Hockney takes a swipe at Hirst technique

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David Hockney and Damien Hirst
Image caption,
Both artists have major exhibitions opening in the UK early this year

David Hockney has taken a swipe at artists such as Damien Hirst, who use assistants to complete their artworks.

Hockney, 74, has a poster advertising his new exhibition which reads: "All the works here were made by the artist himself, personally".

Asked in a Radio Times interview if he was having a dig at Hirst, Hockney said: "It's a little insulting to craftsmen, skilful craftsmen."

Hirst has previously defended using assistants to complete his paintings.

He employs up to 100 people in a "factory" that works as a production line for his spot paintings and completes the painstaking work on installations like his diamond-studded skulls.

Speaking to Time Out in 2006, Hirst likened himself to an architect running a practice, rather than a traditional artist.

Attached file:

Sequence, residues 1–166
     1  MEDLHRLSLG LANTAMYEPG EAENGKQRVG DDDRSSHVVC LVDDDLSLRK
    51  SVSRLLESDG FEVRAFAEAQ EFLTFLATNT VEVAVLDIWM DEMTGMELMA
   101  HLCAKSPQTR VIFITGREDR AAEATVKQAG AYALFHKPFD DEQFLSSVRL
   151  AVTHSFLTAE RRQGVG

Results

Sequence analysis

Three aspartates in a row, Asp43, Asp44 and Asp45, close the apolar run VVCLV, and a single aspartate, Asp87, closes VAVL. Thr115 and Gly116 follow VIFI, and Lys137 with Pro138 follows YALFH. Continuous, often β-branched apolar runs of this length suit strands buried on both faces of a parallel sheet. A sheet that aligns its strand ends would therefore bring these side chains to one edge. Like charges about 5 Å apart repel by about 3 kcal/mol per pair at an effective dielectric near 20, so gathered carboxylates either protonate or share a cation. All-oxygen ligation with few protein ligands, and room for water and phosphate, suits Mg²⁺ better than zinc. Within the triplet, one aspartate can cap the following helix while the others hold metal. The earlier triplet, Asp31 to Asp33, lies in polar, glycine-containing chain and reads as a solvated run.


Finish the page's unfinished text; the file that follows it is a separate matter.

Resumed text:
"I sit in a chair and watch, while they do the work," he said.

"I employ about 100 people... It's too many; it feels more comfortable at about 60, otherwise I lose my involvement. I need to know everybody, to be aware of their strengths and weaknesses."

Hirst is not the only artist to employ assistants - Jeff Koons, Andy Warhol and sculptor John Chamberlain have all used them.

Before the impressionist movement of the 19th century placed an emphasis on personal vision, even masters such as Michelangelo, Rubens and Rembrandt all relied on assistants and apprentices.

In the Radio Times, Hockney said: "I used to point out at art school, you can teach the craft, it's the poetry you can't teach. But now they try to teach the poetry and not the craft."

He also quoted a Chinese saying, that to paint "you need the eye, the hand and the heart. The two won't do".

Hockney's exhibition, David Hockney: A Bigger Picture, opens at the Royal Academy later this month. He told the Radio Times he had spent three years working on it.

The artist has just been appointed a member of the Order of Merit by the Queen - despite turning down a knighthood in 1990.

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